Where Does the Data for Analysis Originate From?

The Actual (historical transactions) data typically comes from enterprise resource planning (ERP) systems like: Microsoft Dynamics 365 (D365) Finance, Microsoft Dynamics 365 Business Central (D365 BC), Microsoft Dynamics AX, Microsoft Dynamics NAV, Microsoft Dynamics GP, Microsoft Dynamics SL, Sage Intacct, Sage 100, Sage 300, Sage 500, Sage X3, SAP Business One, SAP ByDesign, Acumatica, Netsuite and others.

In analyses where budgets or forecasts are used, the planning data most often originates from in-house Excel spreadsheet models or from professional corporate performance management (CPM/EPM) solutions.

What Tools are Typically used for Reporting, Planning and Dashboards?

Examples of business software used with the data and ERPs mentioned above are:

  • Native ERP report writers and query tools
  • Spreadsheets (for example Microsoft Excel)
  • Corporate Performance Management (CPM) tools (for example Solver)
  • Dashboards (for example Microsoft Power BI and Tableau)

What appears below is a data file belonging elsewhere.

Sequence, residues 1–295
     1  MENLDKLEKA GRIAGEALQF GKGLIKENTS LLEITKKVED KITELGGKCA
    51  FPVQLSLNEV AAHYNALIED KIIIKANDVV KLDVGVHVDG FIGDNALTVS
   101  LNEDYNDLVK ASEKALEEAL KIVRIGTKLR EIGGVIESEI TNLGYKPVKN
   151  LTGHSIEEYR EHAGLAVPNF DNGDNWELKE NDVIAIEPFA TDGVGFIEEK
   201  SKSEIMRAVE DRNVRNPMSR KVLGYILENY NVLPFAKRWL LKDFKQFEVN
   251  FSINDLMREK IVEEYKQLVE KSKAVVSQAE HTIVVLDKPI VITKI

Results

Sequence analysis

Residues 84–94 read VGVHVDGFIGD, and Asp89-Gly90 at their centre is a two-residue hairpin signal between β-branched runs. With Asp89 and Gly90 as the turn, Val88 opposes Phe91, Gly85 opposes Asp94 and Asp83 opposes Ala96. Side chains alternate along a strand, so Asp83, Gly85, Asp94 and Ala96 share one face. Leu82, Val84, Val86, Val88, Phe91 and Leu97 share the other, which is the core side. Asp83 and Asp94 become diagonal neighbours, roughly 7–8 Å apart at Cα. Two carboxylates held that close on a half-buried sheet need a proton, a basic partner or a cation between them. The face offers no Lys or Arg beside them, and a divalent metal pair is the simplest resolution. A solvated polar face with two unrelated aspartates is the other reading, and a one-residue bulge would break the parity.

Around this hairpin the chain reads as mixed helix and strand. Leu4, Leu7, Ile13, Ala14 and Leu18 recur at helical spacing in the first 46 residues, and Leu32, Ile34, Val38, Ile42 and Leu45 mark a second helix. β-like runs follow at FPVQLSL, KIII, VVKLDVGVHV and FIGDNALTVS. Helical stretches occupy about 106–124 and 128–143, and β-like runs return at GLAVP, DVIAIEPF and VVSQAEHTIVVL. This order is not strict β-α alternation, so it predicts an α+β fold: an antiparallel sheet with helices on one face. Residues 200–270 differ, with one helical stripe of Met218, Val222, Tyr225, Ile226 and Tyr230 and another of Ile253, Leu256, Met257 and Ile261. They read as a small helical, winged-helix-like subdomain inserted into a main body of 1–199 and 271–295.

Corporate Performance Management (CPM) Cloud Solutions and More Examples

Example of a Hotel KPI Dashboard for Hospitality Companies

What is a Hotel KPI Dashboard?

Hotel KPI Dashboards are considered monitoring and analysis tools and are used by hotel managers and executives to get a graphical representation of essential performance metrics. Some of the main functionality in this type of dashboard is that it is parameter driven and it gives the user four different KPI views, including: 1) Monthly trend in room nights, 2) Top revenue categories ranked by amount, 3) Top expense categories ranked by amount, and 4) Monthly trend in revenues. You find an example of this type of dashboard below.

Purpose of Hotel KPI Dashboards